The EAT has held, in the case of Davies v Sandwell MBC, that where the employee had not appealed against a final written warning, it did not make the warning automatically valid, but the employment tribunal could take into account the validity of that warning in deciding whether a subsequent dismissal was fair.

Miss Davies, a teacher, was given a final written warning in 2005 in relation to complaints about her conduct. This final written warning had been issued following a disciplinary hearing at which Miss Davies was not allowed to present relevant evidence because she had not given the disciplinary chair sufficient notice. Following advice from her union representative Miss Davies withdrew her appeal against the warning, being concerned that the Council might increase the sanction on appeal. In 2006 there were further allegations of misconduct and the Council dismissed Miss Davies, taking the view that the current misconduct, when taken together with the previous final written warning, warranted dismissal.

The employment tribunal held that the Council had acted fairly in dismissing Miss Davies. Although there were procedural defects in the issuing of the 2005 warning, the fact Miss Davies had not appealed against the warning meant that its validity could not be questioned.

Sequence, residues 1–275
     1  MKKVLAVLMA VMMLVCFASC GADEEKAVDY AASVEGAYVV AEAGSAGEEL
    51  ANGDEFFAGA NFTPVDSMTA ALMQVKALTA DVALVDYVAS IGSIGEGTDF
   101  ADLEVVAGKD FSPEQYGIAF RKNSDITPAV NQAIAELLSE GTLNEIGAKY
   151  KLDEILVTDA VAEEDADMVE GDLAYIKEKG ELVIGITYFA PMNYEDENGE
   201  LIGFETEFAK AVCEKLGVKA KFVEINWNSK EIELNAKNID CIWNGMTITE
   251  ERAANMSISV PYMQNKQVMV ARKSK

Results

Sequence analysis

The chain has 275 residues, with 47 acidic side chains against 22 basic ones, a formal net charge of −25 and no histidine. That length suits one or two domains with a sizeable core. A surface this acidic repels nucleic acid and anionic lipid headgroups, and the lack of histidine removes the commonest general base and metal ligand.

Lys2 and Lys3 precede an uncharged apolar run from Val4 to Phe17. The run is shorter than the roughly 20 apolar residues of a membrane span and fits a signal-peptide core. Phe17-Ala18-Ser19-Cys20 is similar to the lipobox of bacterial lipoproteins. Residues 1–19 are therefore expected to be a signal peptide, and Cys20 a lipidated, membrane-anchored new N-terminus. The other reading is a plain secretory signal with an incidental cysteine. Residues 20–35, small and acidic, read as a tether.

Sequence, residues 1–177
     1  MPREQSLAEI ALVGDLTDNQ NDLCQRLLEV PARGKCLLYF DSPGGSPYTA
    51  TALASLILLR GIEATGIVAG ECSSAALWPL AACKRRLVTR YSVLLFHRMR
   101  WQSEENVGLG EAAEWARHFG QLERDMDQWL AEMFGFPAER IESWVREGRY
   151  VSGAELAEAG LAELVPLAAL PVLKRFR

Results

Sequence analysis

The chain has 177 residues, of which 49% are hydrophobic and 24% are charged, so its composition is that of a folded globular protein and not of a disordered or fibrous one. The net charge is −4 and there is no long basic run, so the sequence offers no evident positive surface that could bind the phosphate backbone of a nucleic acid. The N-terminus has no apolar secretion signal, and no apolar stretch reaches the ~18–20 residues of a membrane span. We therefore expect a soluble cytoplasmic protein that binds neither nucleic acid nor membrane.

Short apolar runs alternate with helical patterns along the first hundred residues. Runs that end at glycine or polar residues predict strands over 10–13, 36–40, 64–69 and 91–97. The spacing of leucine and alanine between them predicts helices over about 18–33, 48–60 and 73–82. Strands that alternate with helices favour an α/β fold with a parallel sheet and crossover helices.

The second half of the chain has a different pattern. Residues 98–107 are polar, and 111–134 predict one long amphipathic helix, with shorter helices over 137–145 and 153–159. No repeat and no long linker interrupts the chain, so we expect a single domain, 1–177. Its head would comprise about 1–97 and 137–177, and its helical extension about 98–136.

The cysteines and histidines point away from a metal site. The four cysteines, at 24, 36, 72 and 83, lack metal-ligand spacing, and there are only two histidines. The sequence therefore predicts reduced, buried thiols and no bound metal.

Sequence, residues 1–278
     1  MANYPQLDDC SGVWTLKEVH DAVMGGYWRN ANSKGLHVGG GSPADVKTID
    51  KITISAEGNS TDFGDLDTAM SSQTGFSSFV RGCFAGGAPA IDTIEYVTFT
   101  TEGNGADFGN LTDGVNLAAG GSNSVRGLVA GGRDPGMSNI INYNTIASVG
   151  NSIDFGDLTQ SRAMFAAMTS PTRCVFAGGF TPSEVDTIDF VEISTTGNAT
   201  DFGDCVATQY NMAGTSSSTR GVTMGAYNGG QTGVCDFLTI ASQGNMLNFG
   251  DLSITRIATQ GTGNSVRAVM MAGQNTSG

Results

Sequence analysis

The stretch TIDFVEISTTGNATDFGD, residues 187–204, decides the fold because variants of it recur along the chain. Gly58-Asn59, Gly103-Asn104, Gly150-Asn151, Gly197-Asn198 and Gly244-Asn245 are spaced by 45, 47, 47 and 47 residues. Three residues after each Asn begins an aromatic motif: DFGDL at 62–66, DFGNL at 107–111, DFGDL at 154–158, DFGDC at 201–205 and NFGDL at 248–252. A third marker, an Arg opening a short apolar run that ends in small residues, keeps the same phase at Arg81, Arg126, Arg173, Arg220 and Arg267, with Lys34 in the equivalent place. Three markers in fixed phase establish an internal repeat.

The EAT upheld Miss Davies' appeal. It held that it was not appropriate to say that because there was no appeal, the final written warning was valid - the correct question was whether the final written warning was issued in good faith and whether there were prima facie grounds for it. It remitted the case to the employment tribunal to reconsider the question of fairness or unfairness of the dismissal, taking into account the procedural defects of the final written warning.

Impact on employers

  • This case is an important case for HR professionals and is a good example of how disciplinary procedures, even where they have apparently been properly followed, can go wrong. If a final written warning is subsequently found by an employment tribunal to be invalid, it is highly likely that any decision to dismiss that takes that warning into account will be unfair.
  • Employers are reminded that a final written warning should only be taken into account in a subsequent decision to dismiss if it was issued in good faith following a reasonable investigation and a fair procedure.
  • Procedures should ensure that the seriousness of a final written warning is recognised and only given as a sanction following a proper process and thorough investigation. Such precautions should ensure that it is safe to rely on a previous final written warning.
  • However, if a final written warning was not issued in good faith or there were not prima facie grounds for it, or the process leading to it was flawed, the fact the employee failed to appeal will not save the employer from a finding of unfair dismissal.